Conservatives or partisans? Judging the Affordable Care Act

by John MacBeath Watkins

One of the theories about the role of reason in human society is that it exists not to arrived at the truth, but to persuade others that you already possess it.

Which leads us to today's thought experiment: Would conservatives consider the Affordable Care Act constitutional if it had been passed by a Republican president and congress over the objections of the Democrats?

The question itself makes sense, because the basic form of the Act was proposed by conservatives, notably the Heritage Foundation, and supported by Republican legislators from the time Hillarycare was proposed by the Clinton Administration in 1993 until it was adopted by President Obama during his run for office in 2008. Many supported the mandate from at least the time of Stuart Butler's 1989 Heritage Foundation speech in favor of it.

During those 15-20 years, the idea of reforming American health insurance markets instead of going to a single-payer, "Medicare for everyone," system, had enough currency among conservatives, that the amoral, ambitious Mitt Romney thought he could advance his hopes of capturing the White House on the Republican ticket by getting the state of Massachusetts to adopt this reform while he was governor of that state.

But Republicans made a strategic decision early on that they would oppose anything Obama wished to accomplish in order to deny him any accomplishments. In this, they were following the strategy of the Republican congress that faced Clinton's health insurance reforms down, defeated him and won a signal victory in the 1994 mid term election.

And it worked about as well in that regard. The Affordable Care Act passed, became an issue in the 2010 mid term election, and that election was a signal victory for Republicans, who promised to repeal the Act and replace it with their own proposal.


The problem is that Obama and the Democrats have already passed the market-based reform the Republicans had been pushing for at close to 20 years. Having rejected their own idea and labeled it "socialism," Republicans are fresh out of ideas.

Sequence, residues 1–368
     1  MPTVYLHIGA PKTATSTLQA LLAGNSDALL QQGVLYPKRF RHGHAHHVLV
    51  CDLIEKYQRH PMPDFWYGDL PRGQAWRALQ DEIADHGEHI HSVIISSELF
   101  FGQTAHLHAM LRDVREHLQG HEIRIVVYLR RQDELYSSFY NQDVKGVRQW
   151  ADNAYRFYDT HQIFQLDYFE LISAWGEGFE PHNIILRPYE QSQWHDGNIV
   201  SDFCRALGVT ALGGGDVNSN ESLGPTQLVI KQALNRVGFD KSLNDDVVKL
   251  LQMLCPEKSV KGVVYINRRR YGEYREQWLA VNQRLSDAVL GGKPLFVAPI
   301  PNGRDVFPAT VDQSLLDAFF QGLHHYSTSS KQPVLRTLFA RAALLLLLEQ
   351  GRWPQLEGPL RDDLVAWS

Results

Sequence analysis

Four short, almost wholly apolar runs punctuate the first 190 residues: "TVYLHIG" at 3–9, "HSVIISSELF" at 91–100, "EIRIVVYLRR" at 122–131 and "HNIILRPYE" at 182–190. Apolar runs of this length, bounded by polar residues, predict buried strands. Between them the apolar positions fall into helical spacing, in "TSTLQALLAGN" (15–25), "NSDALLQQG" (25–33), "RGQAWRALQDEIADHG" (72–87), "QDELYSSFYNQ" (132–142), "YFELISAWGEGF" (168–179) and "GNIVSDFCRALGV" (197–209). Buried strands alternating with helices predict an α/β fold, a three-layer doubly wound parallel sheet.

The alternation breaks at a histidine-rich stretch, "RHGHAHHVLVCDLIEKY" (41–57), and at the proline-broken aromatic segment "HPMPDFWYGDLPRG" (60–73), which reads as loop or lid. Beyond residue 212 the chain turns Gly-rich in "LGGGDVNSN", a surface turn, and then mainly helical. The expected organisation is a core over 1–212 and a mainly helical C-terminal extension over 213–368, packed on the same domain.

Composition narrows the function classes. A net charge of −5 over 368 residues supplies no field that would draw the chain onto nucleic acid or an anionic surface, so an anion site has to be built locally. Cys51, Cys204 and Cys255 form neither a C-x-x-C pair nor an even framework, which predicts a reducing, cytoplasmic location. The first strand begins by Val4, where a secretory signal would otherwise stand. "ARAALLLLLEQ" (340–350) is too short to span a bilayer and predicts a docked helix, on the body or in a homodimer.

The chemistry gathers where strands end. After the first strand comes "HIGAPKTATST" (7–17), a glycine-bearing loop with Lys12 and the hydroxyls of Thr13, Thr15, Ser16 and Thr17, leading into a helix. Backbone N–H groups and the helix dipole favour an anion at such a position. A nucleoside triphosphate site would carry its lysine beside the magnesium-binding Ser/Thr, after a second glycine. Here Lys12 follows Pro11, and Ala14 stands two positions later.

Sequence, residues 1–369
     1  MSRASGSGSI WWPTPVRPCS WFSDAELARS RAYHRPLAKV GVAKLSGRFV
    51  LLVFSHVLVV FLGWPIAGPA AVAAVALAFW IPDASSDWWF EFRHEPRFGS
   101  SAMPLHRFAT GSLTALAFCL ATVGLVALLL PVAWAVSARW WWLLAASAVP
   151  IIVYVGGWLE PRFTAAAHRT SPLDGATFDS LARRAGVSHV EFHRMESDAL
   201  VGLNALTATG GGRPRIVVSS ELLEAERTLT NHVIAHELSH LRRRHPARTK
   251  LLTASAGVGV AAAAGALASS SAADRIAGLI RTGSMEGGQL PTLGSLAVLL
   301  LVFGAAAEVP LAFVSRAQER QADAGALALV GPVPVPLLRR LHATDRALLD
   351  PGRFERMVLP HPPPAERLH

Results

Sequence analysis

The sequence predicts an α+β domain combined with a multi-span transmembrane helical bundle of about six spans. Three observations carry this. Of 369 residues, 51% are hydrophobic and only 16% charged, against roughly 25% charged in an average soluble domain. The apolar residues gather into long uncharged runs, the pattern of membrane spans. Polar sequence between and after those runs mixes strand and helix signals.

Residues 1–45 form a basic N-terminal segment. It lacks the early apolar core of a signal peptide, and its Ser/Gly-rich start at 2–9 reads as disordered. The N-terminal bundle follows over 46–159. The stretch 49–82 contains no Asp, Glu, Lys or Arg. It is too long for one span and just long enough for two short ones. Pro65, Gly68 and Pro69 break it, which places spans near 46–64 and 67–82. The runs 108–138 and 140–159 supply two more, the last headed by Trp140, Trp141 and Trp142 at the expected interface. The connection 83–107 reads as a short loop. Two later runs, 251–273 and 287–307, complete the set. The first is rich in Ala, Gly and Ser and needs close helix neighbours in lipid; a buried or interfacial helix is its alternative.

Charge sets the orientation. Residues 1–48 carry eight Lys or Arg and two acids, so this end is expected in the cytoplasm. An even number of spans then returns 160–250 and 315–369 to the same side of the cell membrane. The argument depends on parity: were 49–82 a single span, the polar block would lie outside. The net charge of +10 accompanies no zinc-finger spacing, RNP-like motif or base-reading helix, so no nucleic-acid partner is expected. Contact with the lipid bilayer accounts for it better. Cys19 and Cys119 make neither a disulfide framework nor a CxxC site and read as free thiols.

And having spent the last 30 years or more trying to make the Supreme Court an arm of the Republican Party, they seem likely to see the most reliable partisans on the court -- Justices Alito, Thomas and Scalia -- reject the ideas that the party that put them in power used to support.

The swing votes seem to be Chief Justice Roberts and Justice Antony Kennedy. One of the reasons Republicans do not look back fondly on the presidency of George H. W. Bush is that David Souter, his appointee to the Supreme Court, tended to follow precedent instead of current Republican orthodoxy.

Antonin Scalia, a Reagan appointee, seems to have no such problem. In fact, it seems unlikely that any of the three most reliably "conservative" judges will find in favor of the law.

But I have to wonder how they would be inclined to look at the problem if the politics were different. Just as "conservatives" on the court were happy to get involved in state law in the Bush vs Gore suit over the Florida recount, while Souter and the justices appointed by Democrats came out in favor of the states' rights view of that matter, I find it hard to believe that principle, rather than politics, is guiding jurisprudence on this issue.

That being the case, why do we continue to call these judges "conservative," rather than partisan?